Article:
Learning Convex Concepts from Gaussian Distributions with PCAWe present a new algorithm for learning a convex set in $R^n$ given labeled examples drawn from any Gaussian distribution. The efficiency of the algorithm depends on the dimension of the {em normal subspace}, the span of vectors orthogonal to supporting hyperplanes of the convex set. The key step of the algorithm uses a Singular Value Decomposition (SVD) to approximate the relevant normal subspace. The complexity of the resulting algorithm is $poly(n)2^{ ilde{O}(k)}$ for an arbitrary convex set with normal subspace of dimension $k$. For the important special case of the intersection of $k$ halfspaces, the complexity is [ poly(n,k,1/eps) + n cdot min , k^{O(log k/eps^4)}, (k/eps)^{O(klog (1/eps))} ] to learn a hypothesis that correctly classifies $1eps$ of the unknown Gaussian distribution. This improves substantially on existing algorithms and is the first algorithm to achieve a fixed polynomial dependence on $n$. The proof of our main result is based on a monotonicity property of Gaussian space.

Determinant Sums for Undirected HamiltonicityWe present a Monte Carlo algorithm for Hamiltonicity detection in an $n$vertex undirected graph running in $O^*(2^{frac{3}{4}n})$ time. To the best of our knowledge, this is the first superpolynomial improvement on the worst case runtime for the problem since the $O^*(2^n)$ bound established for TSP almost fifty years ago (Bellman 1962, Held and Karp 1962). It answers in part the first open problem in Woeginger's 2003 survey on exact algorithms for NPhard problems. For bipartite graphs, we improve the bound to $O^*(2^{frac{1}{2}n})$ time. Both the bipartite and the general algorithm can be implemented to use space polynomial in $n$. We combine several recently resurrected ideas to get the result. Our main technical contribution is a new reduction inspired by the algebraic sieving method for $k$Path (Koutis ICALP 2008, Williams IPL 2009). We transform the Hamiltonicity instance into many smaller Cycle Cover instances in which we are left to count weighted cycle covers over a finite field of characteristic two. We next adopt and apply the determinant summation technique for Exact Set Covers (Bj"orklund STACS 2010).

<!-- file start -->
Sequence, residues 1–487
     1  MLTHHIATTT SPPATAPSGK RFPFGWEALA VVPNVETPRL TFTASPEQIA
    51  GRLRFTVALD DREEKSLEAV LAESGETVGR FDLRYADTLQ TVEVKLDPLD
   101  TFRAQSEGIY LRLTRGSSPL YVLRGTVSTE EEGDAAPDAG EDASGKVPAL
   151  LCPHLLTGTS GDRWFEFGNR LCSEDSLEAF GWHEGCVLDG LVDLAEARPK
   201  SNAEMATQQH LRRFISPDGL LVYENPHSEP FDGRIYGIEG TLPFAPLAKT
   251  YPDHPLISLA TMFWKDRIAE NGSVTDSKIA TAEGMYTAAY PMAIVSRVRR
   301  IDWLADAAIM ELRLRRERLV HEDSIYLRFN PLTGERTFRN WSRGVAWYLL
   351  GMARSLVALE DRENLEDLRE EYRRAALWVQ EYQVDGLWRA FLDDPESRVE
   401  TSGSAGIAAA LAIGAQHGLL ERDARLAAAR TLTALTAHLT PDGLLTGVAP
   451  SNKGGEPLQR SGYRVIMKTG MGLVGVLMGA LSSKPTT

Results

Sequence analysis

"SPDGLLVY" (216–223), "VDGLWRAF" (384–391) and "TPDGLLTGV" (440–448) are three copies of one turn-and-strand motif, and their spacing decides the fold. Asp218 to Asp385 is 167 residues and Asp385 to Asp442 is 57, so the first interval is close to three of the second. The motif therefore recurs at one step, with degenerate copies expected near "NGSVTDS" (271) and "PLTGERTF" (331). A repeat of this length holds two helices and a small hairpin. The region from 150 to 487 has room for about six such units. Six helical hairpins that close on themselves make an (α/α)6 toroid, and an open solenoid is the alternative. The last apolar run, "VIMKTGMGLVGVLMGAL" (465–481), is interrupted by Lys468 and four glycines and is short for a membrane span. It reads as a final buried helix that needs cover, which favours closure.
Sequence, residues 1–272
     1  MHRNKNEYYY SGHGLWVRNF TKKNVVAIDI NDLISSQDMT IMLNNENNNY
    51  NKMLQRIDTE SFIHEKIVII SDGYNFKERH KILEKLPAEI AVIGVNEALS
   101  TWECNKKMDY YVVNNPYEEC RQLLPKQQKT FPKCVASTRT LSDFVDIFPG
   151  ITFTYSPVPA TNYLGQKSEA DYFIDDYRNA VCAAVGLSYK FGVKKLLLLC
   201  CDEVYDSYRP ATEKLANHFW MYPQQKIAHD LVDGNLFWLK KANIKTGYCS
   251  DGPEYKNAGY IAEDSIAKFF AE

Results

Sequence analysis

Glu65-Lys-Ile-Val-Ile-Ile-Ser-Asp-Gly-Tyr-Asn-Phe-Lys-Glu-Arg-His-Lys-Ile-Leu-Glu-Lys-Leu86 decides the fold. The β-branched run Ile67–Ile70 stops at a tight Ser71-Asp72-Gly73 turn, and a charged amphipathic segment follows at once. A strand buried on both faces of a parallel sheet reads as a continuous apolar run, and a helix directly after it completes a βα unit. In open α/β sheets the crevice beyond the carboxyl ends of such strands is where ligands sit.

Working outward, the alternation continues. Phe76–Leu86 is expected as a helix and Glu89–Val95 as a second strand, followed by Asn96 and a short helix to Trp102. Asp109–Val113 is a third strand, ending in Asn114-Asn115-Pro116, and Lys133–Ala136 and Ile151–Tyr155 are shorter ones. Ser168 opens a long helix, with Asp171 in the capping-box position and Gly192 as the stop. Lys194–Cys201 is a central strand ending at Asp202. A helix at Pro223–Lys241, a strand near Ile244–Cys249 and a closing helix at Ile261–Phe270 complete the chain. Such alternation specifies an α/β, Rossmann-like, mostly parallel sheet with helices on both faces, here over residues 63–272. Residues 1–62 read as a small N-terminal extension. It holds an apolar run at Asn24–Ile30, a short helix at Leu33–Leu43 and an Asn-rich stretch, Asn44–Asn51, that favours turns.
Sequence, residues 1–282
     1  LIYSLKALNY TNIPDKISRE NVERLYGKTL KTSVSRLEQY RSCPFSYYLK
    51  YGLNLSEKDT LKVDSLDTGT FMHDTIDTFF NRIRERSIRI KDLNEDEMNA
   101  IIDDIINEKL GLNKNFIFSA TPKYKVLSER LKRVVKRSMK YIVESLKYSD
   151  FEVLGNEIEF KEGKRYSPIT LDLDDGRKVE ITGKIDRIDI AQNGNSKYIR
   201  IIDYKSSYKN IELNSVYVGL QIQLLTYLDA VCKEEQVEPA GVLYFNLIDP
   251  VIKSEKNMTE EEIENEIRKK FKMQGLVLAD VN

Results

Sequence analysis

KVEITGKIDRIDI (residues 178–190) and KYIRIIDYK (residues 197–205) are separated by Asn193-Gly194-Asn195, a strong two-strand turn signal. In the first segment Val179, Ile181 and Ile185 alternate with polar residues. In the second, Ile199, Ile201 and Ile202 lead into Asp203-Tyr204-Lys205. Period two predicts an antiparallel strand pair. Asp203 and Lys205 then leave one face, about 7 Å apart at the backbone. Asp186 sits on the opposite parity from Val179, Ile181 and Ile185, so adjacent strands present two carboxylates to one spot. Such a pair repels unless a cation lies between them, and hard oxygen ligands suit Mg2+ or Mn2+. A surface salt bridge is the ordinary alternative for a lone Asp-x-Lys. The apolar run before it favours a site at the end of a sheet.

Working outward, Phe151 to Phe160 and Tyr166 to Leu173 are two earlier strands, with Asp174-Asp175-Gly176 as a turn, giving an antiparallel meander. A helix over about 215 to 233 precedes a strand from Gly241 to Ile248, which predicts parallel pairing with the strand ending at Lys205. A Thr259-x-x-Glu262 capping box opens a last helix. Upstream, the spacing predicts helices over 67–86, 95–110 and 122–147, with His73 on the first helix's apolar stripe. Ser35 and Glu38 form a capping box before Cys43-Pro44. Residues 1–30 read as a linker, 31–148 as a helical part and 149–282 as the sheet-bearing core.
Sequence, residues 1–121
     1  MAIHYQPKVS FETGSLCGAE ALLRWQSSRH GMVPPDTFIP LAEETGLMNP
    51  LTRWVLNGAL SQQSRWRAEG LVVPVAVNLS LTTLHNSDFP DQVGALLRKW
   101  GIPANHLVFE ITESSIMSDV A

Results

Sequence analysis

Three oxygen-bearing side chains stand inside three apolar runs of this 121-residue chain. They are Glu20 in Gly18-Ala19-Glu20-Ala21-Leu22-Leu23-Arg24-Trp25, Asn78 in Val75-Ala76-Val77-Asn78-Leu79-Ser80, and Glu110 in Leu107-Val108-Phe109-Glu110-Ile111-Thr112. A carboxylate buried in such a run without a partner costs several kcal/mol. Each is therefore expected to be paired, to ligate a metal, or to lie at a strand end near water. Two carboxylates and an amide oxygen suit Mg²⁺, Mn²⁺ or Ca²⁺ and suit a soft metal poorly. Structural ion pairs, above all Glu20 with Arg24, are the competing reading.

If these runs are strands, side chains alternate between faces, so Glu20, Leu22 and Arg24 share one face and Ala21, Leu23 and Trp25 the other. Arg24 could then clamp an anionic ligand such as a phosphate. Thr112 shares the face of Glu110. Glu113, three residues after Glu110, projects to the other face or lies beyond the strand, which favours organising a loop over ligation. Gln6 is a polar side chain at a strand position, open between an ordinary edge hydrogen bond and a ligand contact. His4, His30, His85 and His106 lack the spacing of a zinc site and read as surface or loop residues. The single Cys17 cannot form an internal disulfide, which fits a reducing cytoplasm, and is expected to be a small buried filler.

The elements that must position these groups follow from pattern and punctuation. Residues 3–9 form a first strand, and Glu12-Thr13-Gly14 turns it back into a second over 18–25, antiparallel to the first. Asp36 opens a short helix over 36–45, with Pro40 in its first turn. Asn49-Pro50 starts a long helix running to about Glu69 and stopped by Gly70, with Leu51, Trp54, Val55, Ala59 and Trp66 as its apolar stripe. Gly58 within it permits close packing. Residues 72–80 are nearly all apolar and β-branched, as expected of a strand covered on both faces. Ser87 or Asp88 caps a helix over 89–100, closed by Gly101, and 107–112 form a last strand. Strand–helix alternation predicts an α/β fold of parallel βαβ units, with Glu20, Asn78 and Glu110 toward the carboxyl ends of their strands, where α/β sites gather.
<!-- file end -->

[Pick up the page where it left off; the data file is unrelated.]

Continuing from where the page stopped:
Fighting Perebor: New and Improved Algorithms for Formula and QBF SatisfiabilityWe investigate the possibility of finding satisfying assignments to Boolean formulae and testing validity of quantified Boolean formulae (QBF) asymptotically faster than a brute force search.
Our first main result is a simple deterministic algorithm running in time $2^{n  Omega(n)}$ for satisfiability of formulae of linear size in $n$, where $n$ is the number of variables in the formula. This algorithm extends to exactly counting the number of satisfying assignments, within the same time bound.
Our second main result is a deterministic algorithm running in time $2^{n  Omega(n/log(n)}$ for solving QBFs in which the number of occurrences of any variable is bounded by a constant. For instances which are ``structured'', in a certain precise sense, the algorithm can be modified to run in time $2^{n  Omega(n)}$.
To the best of our knowledge, no nontrivial algorithms were known for these problems before.
As a byproduct of the technique used to establish our first main result, we show that every function computable by linearsize formulae can be represented by decision trees of size $2^{n  Omega(n)}$. As a consequence, we get strong superlinear {it averagecase} formula size lower bounds for the Parity function.